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More polishing in preparation for release.

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commit 310cabf2335b7d4e698c86eafcbc65327e00c333 1 parent e02f58f
authored August 02, 2010
10  Data/Eq/.leo_shadow/xApproximate.hs
@@ -27,7 +27,7 @@ Two kinds of wrappers are provided by this package.
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 * 'RelativelyApproximateValue' wraps values that are considered to be equal if the absolute difference between the values divided by the average of the absolute values is within the given relative tolerance, /or/ if the absolute value of both values falls within the zero tolerance;  the latter case is checked because otherwise no value, no matter how small, would be approximately equal to zero.
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-The tolerance is specified through a type annotation.  One can use any anotation that one wishes as long as the type is an instance of 'AbsoluteTolerance' (for absolute tolerances) and/or 'RelativeTolerance' and 'ZeroTolerance' (for relative tolerances).  For convenience, this package provides the type 'Digits' that allows one to specify the tolerance in terms of the number of digits, making use of type-level natural numbers.  The annotation @Digits n@ sets the tolerance to @10^-n@, so that in the case of the absolute tolerance and the zero tolerance @n@ is the number of decimal places that numbers have to match to be equal to respectively either each other or to zero, and in the case of relative tolerance @n@ is (roughly) the number of leading digits that two numbers have to match in order to be equal to each other.
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+The tolerance is specified through a type annotation.  One can use any annotation that one wishes as long as the type is an instance of 'AbsoluteTolerance' (for absolute tolerances) and/or 'RelativeTolerance' and 'ZeroTolerance' (for relative tolerances).  For convenience, this package provides the type 'Digits' that allows one to specify the tolerance in terms of the number of digits, making use of type-level natural numbers.  The annotation @Digits n@ sets the tolerance to @10^-n@, so that in the case of the absolute tolerance and the zero tolerance @n@ is the number of decimal places that numbers have to match to be equal to respectively either each other or to zero, and in the case of relative tolerance @n@ is (roughly) the number of leading digits that two numbers have to match in order to be equal to each other.
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 -- @-node:gcross.20100802173247.1349:<< Module description >>
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 -- @nl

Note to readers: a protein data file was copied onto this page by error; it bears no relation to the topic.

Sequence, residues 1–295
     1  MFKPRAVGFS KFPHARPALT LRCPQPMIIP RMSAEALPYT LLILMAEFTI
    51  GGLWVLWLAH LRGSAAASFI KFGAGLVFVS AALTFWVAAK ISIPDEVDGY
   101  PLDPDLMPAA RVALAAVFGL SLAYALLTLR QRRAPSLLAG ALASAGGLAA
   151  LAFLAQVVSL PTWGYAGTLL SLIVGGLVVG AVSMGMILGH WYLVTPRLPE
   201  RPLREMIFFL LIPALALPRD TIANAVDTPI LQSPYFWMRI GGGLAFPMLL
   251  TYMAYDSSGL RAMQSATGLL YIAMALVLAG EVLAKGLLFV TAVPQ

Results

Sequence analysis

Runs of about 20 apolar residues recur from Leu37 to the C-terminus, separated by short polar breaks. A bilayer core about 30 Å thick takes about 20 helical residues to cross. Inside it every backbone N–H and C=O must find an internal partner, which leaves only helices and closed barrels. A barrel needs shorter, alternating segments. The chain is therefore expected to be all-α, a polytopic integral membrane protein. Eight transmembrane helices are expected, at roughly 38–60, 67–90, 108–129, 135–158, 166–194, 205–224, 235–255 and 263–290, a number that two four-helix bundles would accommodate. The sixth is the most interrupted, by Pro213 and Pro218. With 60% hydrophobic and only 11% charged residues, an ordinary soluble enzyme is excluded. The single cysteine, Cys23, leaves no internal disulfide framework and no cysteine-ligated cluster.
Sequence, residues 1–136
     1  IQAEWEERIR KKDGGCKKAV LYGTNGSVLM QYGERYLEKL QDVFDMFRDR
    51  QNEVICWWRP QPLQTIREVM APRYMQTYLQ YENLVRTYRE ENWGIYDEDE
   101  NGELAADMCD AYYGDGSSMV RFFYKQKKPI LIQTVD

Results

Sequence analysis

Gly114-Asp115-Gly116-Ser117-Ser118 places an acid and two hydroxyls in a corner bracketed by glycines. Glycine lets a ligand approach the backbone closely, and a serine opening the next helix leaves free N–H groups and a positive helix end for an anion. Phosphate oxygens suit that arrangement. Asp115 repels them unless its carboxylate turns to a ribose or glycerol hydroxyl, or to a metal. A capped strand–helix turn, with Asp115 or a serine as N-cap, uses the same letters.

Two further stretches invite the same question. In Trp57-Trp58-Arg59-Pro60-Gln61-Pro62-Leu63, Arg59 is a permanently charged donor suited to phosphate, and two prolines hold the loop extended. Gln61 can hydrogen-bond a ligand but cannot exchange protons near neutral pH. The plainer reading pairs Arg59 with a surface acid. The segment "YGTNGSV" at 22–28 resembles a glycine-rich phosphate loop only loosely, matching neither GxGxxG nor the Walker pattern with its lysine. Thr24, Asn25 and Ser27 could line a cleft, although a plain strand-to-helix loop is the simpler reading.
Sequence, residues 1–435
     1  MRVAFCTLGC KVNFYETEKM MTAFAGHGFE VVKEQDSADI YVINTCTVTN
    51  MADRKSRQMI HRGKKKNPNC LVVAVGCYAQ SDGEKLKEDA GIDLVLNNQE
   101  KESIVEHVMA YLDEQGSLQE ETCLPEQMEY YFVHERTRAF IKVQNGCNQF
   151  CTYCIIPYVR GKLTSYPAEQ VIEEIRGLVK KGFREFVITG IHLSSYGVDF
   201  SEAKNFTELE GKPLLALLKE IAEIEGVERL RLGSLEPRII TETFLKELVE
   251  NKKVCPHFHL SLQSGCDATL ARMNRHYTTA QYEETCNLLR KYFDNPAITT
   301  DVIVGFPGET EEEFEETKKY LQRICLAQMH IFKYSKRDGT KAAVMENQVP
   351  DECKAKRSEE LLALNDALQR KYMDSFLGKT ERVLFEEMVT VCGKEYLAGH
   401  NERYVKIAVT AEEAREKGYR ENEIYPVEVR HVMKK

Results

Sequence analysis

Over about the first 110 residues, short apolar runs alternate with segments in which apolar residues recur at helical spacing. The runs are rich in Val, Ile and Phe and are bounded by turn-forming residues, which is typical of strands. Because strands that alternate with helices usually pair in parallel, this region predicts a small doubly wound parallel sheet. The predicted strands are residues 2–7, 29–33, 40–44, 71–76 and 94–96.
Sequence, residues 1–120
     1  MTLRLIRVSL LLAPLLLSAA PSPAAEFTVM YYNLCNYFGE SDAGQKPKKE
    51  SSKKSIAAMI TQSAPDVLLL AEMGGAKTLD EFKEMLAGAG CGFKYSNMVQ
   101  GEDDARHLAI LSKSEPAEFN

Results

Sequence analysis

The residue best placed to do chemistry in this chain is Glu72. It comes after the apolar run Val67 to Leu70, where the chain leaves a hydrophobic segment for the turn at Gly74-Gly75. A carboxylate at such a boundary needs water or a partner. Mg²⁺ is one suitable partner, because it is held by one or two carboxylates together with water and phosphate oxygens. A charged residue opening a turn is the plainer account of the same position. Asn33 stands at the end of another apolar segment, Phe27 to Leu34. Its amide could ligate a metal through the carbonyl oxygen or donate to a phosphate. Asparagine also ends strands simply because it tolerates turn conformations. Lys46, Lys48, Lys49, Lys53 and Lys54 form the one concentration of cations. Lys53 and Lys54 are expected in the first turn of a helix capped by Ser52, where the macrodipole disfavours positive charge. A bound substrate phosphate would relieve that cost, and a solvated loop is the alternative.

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 -}
@@ -68,7 +68,7 @@ import TypeLevel.NaturalNumber
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 -- @+node:gcross.20100730133924.1263:Types
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 -- @+node:gcross.20100730133924.1264:AbsolutelyApproximateValue
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 {-|
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-The newtype 'AbsolutelyApproximateValue' is a wrapper that can contain an arbitrary value tagged with a tolerance; two values are equal to each other if the absolute difference is less than or equal to this tolerance.  The type annotation @absolute_tolerance@, which must be an instance of 'AbsoluteTolerance', specifies the tolerance.  For convenience, one may specify the tolerence using the type @Digits n@ where @n@ is a type-level natural specifying the number of decimals in the tolerance (i.e., @Digits Four@ specifes a tolerance of 0.0001).
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+The newtype 'AbsolutelyApproximateValue' is a wrapper that can contain an arbitrary value tagged with a tolerance; two values are equal to each other if the absolute difference is less than or equal to this tolerance.  The type annotation @absolute_tolerance@, which must be an instance of 'AbsoluteTolerance', specifies the tolerance.  For convenience, one may specify the tolerance using the type @Digits n@ where @n@ is a type-level natural specifying the number of decimals in the tolerance (i.e., @Digits Four@ specifies a tolerance of 0.0001).
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 It is recommended that one use this wrapper by creating aliases, such as
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@@ -87,9 +87,9 @@ newtype AbsolutelyApproximateValue absolute_tolerance value =
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 {-|
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 The newtype 'RelativelyApproximateValue' is a wrapper that can contain an arbitrary value tagged with a zero tolerance and a relative tolerance;  two values are equal to each other if their absolute values are both less than or equal to the zero tolerance, or if the absolute difference between them divided by the average of the absolute values is less than or equal to the relative tolerance.
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-The type annotation @zero_tolerance@, which must be an instance of 'ZeroTolerance', specifies the tolerance within which a value is considered to be equal to zero.  For convenience, one may specify the tolerence using the type @Digits n@ where @n@ is a type-level natural specifying the number of decimals in the tolerance (i.e., @Digits Four@ specifes a tolerance of 0.0001).